T29. Jake Thompson: Another part of the Hamels deal, Thompson originally came to Texas from Detroit at last year's deadline. He blossomed there and looks like a middle-to-back of the rotation starter. NS

T29. Joakim Soria: The beleaguered Tigers finally pressed the "sell" button and Soria was shipped off to the Pirates. You can never have enough pitching, and Soria figures to operate in the late innings alongside Tony Watson and Mark Melancon. Don't expect him to close too often, but Soria is a useful piece for Clint Hurdle to have in his pocket. NS

31. Sean Manaea: The deceptive southpaw's movement up the system has been stalled by injuries and inconsistency this year, but when he's on, he has the makings of a mid-rotation starter. His fastball has loads of life and his slider can be a swing-and-miss offering. Add in an average to above-average changeup and you have Manaea's complete arsenal. Barring control issues, Manaea has a bright future ahead in Oakland. Justin Perline

32. Tyler Clippard: The acquistion of Clippard by the Mets, like that of any reliever, is more important as the prevalence of starters only going 6-7 innings increases. Teams can no longer afford to hide bad arms in the bullpen and hope they’ll only be needed in blowouts. How the Mets will use Clippard is still an open question, but in five games he’s already finished two of them with one save. The Mets’ starting pitching has been outstanding, ranked #2 in baseball. The bullpen isn’t bad (#12), but anything that can solidify the back end will pay dividends. The Mets have been doing it with mirrors, near the bottom in runs scored per game, and scoring fewer runs means more closer games, and more games where the bullpen can be the difference between victory and defeat. Scott Lindholm

T33. LaTroy Hawkins: It’s not often a 42-year old is called on to stabilize a bullpen, but it is often that LaTroy Hawkins is. Playing for his 11th team now, Hawkins has had an amazing career and he continues to succeed, even recording a save against all 30 teams. Maybe because every time he faces Mike Trout, Hawkins can tell him he was drafted before Trout was born. MB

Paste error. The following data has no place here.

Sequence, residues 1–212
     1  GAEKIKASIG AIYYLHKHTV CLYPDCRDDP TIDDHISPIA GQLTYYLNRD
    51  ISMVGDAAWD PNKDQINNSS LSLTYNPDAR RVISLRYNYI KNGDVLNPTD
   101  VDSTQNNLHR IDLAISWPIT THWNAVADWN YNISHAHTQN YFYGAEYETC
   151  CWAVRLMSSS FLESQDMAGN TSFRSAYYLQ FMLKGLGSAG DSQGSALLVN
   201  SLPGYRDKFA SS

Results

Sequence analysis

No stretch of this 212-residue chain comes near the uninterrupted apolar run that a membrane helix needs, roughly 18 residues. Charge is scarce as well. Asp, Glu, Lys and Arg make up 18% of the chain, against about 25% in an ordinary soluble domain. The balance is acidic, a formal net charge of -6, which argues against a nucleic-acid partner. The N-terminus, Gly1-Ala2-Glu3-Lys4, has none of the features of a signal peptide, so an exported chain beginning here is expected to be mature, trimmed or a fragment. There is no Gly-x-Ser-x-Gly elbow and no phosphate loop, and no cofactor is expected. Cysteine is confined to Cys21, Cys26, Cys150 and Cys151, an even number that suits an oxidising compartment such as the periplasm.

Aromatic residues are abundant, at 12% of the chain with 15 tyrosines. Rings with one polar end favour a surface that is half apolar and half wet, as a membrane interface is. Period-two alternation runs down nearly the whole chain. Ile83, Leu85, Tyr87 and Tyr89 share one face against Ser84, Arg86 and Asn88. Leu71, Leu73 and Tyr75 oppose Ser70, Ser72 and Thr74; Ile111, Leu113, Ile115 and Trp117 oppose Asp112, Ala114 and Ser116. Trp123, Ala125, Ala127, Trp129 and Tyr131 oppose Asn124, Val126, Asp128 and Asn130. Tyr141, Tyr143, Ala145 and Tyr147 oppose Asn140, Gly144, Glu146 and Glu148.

T33. Jonathan Broxton: Broxton’s HR/FB rate by year. 2011: 18.2 percent, 2012: 4.9 percent, 2013: 11.8 percent, 2014: 5.7 percent, 2015: 16.1 percent. ¯\_(ツ)_/¯  MB

T35. Jose Reyes: It was extremely difficult to slot Jose Reyes in anywhere here. I mean, of course a shortstop of Reyes’ caliber would help any team. His defensive range has always been his weak spot, but otherwise he is a great shortstop. In fact, according to FanGraphs WAR, Reyes has been the third-best shortstop since 2010. It’s just unclear how Reyes helps the Rockies right now. That being said, taking that salary is likely what netted the excellent prospects for Bridich. MB

T35. Jorge Alfaro: The Phillies finally got their big catching prospect that they've desperately been seeking. Alfaro profiles as a bat-first guy, but there's a lot of risk here as he has the tendency to swing and miss a lot. He's also been sidelined with an injury nearly all year. If everything breaks right, then the Phillies could have themselves something fun here. NS

37. Jim Johnson

T38. Jake Diekman: Diekman is a fascinating lefty reliever that Texas acquired alongside Cole Hamels. He's rocking an electric 11.3 K/9, but is also walking more than five batters per nine innings. Diekman throws fire, so if Mike Maddux can even him out a bit he could potentially be a true weapon. NS

T38. Michael Fulmer: Fulmer was the better of the two prospects that the Mets used to acquire Yoenis Cespedes. He's having a true breakout year at Double-A with an amazing fastball that he backs up with plus sliders and curveballs and a developing changeup. He may yet wind up a reliever before all is said and done, but this is exactly the kind of pitching prospect that the Tigers needed to be filling their depleted system with. NS

40. Dan Haren: The 34-year-old Haren, who has already hinted at his intentions to retire after this year, should provide stability at the back of the Cubs’ rotation. He’s not the pitcher he was in his early years – his fastball averages just 86 miles per hour, third slowest in the majors – but he can still be marginally effective. Haren throws his cut fastball almost 41 percent of the time, by far the most in the majors, and only Shelby Miller has received more value from the pitch this season than Haren. He should give the Cubs some serviceable innings down the stretch as they seek their first playoff berth since 2008. TO

41. Rob Kaminsky: Kaminsky, the Cardinals first round pick in 2013, was shipped to Cleveland for Brandon Moss. Entering 2015, the consensus surrounding Kaminsky was that he was right on the cusp of the top 100 prospects. His position does not appear to have changed much; with an MLB-ready curveball and a solid fastball, he profiles as a potential mid-rotation starter. Moss, who is under team control through the end of the season, is of no use to the reloading Indians, so to turn him into an asset like Kaminsky is a nice pickup. If Kaminsky develops like some of the other young Cleveland starters, he could join the big-league squad late in the 2017 season. TO